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Why the ‘Nordic Model’ for sex workers does more harm than good

By Megan Wallace

Jan 16, 2019

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Human rights

Jan 16, 2019

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This summer, Peruvian-born Vanesa Campos was murdered at the hands of five men in the streets of Paris. Who was to blame? According to the activists and sex workers who rallied together following her tragic death, it’s less a question of “who” and more “what”. Namely, the finger was pointed at legislation in France which seeks to curb prostitution by targeting sex workers’ clients.

Implemented in April 2016, the laws threaten customers with fines of up to €1,500, and sees France adopt the Nordic model already in place across Scandinavia and other countries like Canada, Iceland, the Republic of Ireland and Northern Ireland. Clearly, the thinking behind these measures is that such a system can curb prostitution whilst also avoiding the legal persecution of sex workers. However, the best-laid plans of mice and men often go awry—and that’s certainly the case here. Sex workers’ rights advocates have convincingly argued that the measure has made working conditions significantly less safe. According to them, clients now pressure and coerce sex workers into riskier situations due to concerns about being discovered by the police.

Furthermore, while the legislation may gesture in the direction of a more humane attitude toward sex workers, it ultimately perpetuates their marginalisation by maintaining the illicit status of their work. The law basically feeds upon the kind of rhetoric which classes all sex work as forms of violence against women, heavily stigmatising those who purchase prostitutes’ services. It’s important to recognise that arguments like these only serve to belittle sex workers and are nothing more than an attempt to minimise escorts’ sexual and professional agency. Yes, there are many sex workers who are subject to abusive labour conditions, but more often than not these are a direct result of the precarity produced by illegality.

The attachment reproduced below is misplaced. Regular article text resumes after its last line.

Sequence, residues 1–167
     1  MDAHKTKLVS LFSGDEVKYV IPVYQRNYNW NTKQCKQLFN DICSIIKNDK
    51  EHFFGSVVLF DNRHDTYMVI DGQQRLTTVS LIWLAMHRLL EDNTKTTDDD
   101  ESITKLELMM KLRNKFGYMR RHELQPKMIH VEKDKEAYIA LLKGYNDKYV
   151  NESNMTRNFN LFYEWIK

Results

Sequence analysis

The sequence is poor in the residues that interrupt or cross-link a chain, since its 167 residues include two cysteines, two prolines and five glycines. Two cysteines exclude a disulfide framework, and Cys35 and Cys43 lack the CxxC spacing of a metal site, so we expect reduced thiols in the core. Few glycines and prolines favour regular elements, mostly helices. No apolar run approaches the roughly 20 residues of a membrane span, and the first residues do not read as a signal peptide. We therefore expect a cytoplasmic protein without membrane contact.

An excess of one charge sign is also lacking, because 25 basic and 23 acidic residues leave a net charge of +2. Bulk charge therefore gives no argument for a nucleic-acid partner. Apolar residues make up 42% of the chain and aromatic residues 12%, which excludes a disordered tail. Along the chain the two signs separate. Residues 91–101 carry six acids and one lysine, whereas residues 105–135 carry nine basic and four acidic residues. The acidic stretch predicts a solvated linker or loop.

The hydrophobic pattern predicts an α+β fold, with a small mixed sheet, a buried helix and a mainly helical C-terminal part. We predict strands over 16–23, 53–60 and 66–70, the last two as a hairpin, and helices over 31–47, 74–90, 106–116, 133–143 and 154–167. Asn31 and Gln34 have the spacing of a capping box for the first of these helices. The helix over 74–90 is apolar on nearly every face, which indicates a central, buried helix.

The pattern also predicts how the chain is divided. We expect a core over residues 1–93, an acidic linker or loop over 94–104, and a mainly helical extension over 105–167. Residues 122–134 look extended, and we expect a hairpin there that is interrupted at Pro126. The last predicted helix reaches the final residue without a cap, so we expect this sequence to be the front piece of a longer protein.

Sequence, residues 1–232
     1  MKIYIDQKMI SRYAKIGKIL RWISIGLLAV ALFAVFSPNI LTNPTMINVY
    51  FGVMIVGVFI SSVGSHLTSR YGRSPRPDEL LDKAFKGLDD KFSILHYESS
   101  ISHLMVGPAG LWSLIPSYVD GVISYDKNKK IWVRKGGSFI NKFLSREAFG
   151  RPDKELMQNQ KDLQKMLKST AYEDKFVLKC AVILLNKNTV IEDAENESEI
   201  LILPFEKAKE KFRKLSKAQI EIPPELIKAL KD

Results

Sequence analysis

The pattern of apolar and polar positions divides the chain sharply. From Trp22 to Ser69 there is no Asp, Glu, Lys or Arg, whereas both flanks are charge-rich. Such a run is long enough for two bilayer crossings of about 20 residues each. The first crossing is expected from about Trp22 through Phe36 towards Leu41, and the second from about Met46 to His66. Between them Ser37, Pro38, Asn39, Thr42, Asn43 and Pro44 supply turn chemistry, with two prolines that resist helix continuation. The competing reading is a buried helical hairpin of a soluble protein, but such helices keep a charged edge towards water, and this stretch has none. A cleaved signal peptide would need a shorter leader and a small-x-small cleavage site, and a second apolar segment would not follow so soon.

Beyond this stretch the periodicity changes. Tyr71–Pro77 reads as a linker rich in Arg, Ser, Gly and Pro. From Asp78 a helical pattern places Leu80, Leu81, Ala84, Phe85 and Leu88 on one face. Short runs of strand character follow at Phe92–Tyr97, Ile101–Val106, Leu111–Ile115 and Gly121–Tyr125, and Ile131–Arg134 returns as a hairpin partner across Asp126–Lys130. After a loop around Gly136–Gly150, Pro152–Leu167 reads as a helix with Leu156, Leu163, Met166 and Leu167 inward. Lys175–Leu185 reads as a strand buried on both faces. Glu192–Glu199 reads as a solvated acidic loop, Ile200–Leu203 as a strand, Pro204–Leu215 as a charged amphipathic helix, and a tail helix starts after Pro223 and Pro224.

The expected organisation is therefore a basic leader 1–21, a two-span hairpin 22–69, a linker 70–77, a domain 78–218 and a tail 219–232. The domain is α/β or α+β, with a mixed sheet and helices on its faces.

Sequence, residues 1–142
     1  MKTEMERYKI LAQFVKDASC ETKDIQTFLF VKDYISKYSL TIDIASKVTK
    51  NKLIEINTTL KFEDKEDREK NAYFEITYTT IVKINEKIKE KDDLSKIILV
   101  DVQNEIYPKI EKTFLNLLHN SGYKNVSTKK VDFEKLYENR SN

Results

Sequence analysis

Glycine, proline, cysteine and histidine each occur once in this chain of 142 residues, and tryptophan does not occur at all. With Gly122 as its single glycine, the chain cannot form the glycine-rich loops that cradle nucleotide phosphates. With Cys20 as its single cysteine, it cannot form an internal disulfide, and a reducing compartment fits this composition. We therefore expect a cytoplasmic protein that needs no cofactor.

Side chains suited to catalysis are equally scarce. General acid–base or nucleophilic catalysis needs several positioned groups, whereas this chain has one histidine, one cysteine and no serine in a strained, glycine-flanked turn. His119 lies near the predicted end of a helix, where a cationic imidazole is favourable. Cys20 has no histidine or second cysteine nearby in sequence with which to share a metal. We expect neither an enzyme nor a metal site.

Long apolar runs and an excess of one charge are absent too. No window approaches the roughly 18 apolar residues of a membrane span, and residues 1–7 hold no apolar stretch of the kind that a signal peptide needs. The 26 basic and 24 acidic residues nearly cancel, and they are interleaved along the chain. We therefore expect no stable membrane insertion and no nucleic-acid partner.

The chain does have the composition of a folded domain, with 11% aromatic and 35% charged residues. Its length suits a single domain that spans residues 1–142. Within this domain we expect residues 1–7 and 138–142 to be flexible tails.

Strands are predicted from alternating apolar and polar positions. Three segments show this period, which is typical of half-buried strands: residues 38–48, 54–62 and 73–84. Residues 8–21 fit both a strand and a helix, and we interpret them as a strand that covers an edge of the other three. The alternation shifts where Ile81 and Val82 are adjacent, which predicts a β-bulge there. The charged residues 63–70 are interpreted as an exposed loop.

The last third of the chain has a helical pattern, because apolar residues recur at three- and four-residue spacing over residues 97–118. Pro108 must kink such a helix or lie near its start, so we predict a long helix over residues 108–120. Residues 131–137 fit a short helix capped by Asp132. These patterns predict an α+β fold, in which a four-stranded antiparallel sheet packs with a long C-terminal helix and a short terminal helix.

Whenever we see a salacious headline about another male celebrity “caught” with an escort, it only serves to harden attitudes against sex work and, by extension, sex workers. Demonising those who purchase sex is just another tactic to stir up moral panic and ensure that those who offer their services are never able to do so in safe environments or unionise to fight for better conditions. Criminalising the purchase of sex is still just another violent measure against sex workers, one that threatens their livelihood and puts their lives in danger, all whilst pretending to have their best interests at heart.